$#!+ My Therapist Says

Trigger warning: this post contains words that some people may find offensive or inappropriate.


Several weeks ago, Vanessa and I started seeing a therapist. We are not in couples counseling. We are a couple in counseling. Sometimes we talk about our marriage. Often we talk about our anxieties. We talk about our growing up years. We talk about things like work and what we did over the past week.  

schulz-lucyWe began talking about me going to therapy a few years ago. I have a friend who is well-connected to the counseling community in Northwest Arkansas. I asked him for a list of 5 or 6 therapists that I would connect with. He sent me a list. And I didn’t do anything with it for two years. Probably because I was scared of the unknown.

And then several weeks ago, it felt like everything in my life started falling apart, and we decided it was time to finally go. At first we thought I was going to counseling and Vanessa was just along for the ride. It didn’t take us long to realize that we were both in therapy.

And, as it turns out, we love it. Therapy has been a wonderful experience for us. It is a chance to talk openly without fear of how we might burden a friend or church member. It is a place to get new perspectives on things, to experiment with new ideas. And it is a place for us to get better at being us. We have started thinking that everyone needs to go to therapy.


We love it so much, I think, because of our therapist. I’m not quite sure why I picked his name off that two-year old list. Providence, maybe? But from the first few minutes of talking to him, I knew we had found someone we were going to like immensely. The weeks since have only confirmed this. He’s insightful, irreverent, and hilarious.

Most of the time, he just sits and listens, creating a space for us to be honest and open. Every once in a while, however, he offers some opinion, insight, or wisecrack. I told him a couple of weeks ago that I am very tempted to start a twitter account of $#!+ My Therapist Says. It would include gems like this:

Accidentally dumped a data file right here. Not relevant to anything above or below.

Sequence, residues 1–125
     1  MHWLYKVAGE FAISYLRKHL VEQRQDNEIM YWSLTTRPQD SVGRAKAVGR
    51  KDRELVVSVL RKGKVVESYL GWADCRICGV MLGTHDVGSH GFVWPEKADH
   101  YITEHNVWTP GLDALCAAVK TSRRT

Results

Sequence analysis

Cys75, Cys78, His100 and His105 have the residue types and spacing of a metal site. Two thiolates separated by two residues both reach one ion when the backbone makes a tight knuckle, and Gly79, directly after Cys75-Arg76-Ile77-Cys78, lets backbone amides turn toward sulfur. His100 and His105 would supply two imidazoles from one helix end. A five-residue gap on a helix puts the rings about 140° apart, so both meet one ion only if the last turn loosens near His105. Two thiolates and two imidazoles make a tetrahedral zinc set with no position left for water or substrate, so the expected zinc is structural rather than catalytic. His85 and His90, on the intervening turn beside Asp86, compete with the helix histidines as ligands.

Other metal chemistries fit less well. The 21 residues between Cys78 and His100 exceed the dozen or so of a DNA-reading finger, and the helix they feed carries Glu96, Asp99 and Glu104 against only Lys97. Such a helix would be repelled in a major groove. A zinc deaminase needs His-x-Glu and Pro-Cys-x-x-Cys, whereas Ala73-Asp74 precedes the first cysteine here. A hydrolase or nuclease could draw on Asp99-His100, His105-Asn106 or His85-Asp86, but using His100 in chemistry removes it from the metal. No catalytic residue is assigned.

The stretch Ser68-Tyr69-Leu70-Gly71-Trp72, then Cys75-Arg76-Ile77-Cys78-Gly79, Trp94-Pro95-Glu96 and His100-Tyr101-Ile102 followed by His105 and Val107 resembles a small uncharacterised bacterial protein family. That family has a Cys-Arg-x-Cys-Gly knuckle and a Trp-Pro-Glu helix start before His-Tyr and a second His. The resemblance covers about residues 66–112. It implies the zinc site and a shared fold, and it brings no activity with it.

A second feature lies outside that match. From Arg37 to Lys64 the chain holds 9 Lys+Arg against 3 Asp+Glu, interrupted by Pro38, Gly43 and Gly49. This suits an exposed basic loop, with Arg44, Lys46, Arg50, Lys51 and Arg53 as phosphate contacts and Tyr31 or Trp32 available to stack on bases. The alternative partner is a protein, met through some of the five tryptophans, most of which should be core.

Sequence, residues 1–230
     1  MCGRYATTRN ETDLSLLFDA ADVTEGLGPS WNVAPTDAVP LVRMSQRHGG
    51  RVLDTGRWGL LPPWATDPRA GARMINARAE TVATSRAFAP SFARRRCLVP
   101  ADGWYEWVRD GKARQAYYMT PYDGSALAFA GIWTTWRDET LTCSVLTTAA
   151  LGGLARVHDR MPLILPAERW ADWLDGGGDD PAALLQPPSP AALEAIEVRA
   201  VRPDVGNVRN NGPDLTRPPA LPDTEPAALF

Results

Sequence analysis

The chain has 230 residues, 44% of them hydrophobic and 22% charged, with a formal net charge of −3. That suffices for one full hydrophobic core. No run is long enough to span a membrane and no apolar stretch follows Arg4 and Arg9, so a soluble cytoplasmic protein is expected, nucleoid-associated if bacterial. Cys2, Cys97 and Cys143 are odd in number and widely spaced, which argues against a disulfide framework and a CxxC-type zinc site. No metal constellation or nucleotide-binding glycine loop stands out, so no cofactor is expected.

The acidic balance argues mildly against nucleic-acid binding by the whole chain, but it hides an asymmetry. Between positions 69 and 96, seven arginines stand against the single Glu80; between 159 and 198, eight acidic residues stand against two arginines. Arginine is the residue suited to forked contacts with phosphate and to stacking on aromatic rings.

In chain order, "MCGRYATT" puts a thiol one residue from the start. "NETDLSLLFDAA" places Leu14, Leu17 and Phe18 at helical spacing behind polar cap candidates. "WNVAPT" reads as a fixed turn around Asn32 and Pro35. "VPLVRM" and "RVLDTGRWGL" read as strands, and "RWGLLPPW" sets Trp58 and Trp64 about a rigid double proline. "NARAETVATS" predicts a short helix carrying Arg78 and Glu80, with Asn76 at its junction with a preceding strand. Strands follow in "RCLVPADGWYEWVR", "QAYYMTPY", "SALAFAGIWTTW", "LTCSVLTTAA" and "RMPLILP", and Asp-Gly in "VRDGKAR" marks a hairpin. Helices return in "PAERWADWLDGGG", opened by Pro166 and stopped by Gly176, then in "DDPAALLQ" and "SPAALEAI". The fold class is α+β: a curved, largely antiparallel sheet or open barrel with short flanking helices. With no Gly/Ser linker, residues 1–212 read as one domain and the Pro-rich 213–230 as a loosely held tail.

• With his face in his hands, to Vanessa: Him, I understand. You, I haven’t been able to figure out yet.
  • To Vanessa: Maybe you need to drink more.
  • Slightly sarcastically: You know, thoughts don’t have feelings.
  • After our vacation: You have achieved escape velocity.

More than just the funny stuff, what he has said has really helped us to make sense of a rather tumultuous time in our lives. Yesterday, especially.


We’ve talked a lot over the past couple of months about my work situation, my experience as a bivocational pastor, and my desire to return to “full-time ministry.” This is a source of great anxiety for me. It is something I spend a lot of emotional energy on. It has even been a source of conflict between Vanessa and me at times.

You see, I feel like a failure because Vintage is not at the point of supporting me full-time. If you had told me seven years ago when we started Vintage that I would still be bivocational today, I would have laughed at you. But here we are. And I have felt like I am to blame. 

  • If I prayed more, God would bless us.
  • If I worked harder, we would be better.
  • If I was more of a people-person, we would be bigger.

The voice in my head says that I am a shitty pastor. And Vintage is the way it is as a direct result of my shittyness.

Being able to go full-time at Vintage would be some kind of validation, some kind of proof that I am not wasting my life or doing all of this in vain. It would be the success on which I could hang my hat, showing that everything we have done has been worth it. 

If I could go full-time at Vintage, I think I would wake up in the morning feeling like a success rather than a failure.

This is my inner dialog.


And into this shit, my therapist began to speak. 

He talked about how people work at their jobs or careers for one of three reasons – choice, character, or calling. He explored why I do what I do with Vintage. He confirmed that it is a calling.

And then he said, in his typical slightly sarcastic way, “Anything worth doing is worth doing poorly.”

He then said that if God has called me to pastor Vintage, then any time, any way that I pastor Vintage is a success. If I am called to pastor Vintage then I should pastor Vintage. Being a shitty pastor of Vintage is being a successful pastor of Vintage if that is my calling. If pastoring Vintage is my calling, then it doesn’t have to be full-time and fully-funded for it to be what I ought to be doing.

Further, I am pastoring Vintage. It’s not a distant dream; it is a present reality. It is not out there somewhere. It is my here and now. I should stop thinking of it as something I have to still attain. It is what I am doing. It is who I am.

“If you pastor Vintage, even as a shitty pastor, you are a success.”


Mind blown.

In the next few moments after he said these things, I felt myself being freed from a burden that has weighed me down for years. I could feel it lift off my shoulders.

All I have to do is be true to my calling. If I do that, then I am a success. 

I don’t have to add any other qualifiers to it. I don’t have to make it “full-time” or “fully funded” for it to be real. I don’t have to stress about the fact that I am bivocational and spend time and energy on my day job. I don’t have to frantically seek a change to all of it so that I can meet my artificially-crafted standard of success.

I can just be. I can just do what I have been doing. Because it’s worth doing. And that means it’s worth doing even if I do it poorly, because I’m a shitty pastor.


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